Core Competencies for Electronic Resources Librarians #alamw14

How I missed adding Dr. Sarah Sutton’s presentation of Electronic Resources Core Competencies to my scheduler, I’ll never know.  But, thanks to Twitter, I got there in time to catch the key points, just after Sutton’s overview of the competencies themselves.

Sutton gave high praise to many of the unique ways (mostly academic) libraries are already putting the competencies into practice. Most are using them to analyze, restructure, and define workflows and staffing, either at the department or unit level, and even across the entire library. The latter speaks to a significant takeaway of the competencies, that in most cases “one person can’t possibly do all of this”.  The competencies document emphasizes how they are not a set of competencies for an e-resources librarian, but a focus on the collaborative nature of managing these resources throughout the organization.  Other applications Sutton shared include informing MLS course programming and continuing education opportunities for both professionals and paraprofessionals, and creating job descriptions and hiring advertisements.  The audience provided additional applications, such as assessing and targeting specific areas of strengths and weaknesses.

Sutton plans to continue her research by investigating how the competencies shape student learning outcomes in MLS programs.  For myself, I see connections to my research interest in organizational communication, as well as pursuing the question of how you develop training in these competencies, especially in such amorphous concepts as “tolerance for ambiguity and complexity”.  How do you practice that, and how do you measure it?!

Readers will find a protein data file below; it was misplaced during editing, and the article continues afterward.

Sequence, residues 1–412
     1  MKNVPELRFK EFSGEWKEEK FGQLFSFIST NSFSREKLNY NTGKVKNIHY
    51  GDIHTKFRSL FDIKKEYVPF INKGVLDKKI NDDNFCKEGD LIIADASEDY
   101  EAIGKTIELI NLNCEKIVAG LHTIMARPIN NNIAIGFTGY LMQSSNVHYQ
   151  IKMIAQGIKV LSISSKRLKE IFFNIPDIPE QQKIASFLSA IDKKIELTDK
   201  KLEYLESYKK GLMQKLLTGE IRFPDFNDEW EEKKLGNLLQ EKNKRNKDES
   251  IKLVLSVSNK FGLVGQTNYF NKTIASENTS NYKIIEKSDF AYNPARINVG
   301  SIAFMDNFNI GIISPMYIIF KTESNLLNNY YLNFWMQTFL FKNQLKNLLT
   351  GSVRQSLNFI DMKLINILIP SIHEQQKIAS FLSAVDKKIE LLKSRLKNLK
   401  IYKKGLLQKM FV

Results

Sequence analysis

There was an important final question from the floor that spoke to how these competencies relate to Emery & Stone’s Techniques for E-resources Management (TERMS).  Sutton aptly addressed the similarities between the two, while noting the two have differing approaches — TERMS being more practical in nature and the Core Competencies being more conceptual, addressing the knowledge skills, and abilities of the people doing the work of e-resources management.  I shared my agreement with others in the audience that the two are complementary,  pointing out that I posed a very similar question for the TERMS project  —  imagining how techniques mapped to the e-resources life cycle could extend to mapping improved workflows and organizational communication.

The nature of e-resources evokes themes of constant change and adaptability.  As such, the process for updating these competencies, according to Sutton, will be ongoing, and the opportunities for training and other applications of the competencies will continue to evolve.  It will be interesting to see how the programming takes shape for the upcoming ER&L, and especially NASIG’s Annual Conference in Fort Worth, as its call for proposals were modeled on these Core Competencies.

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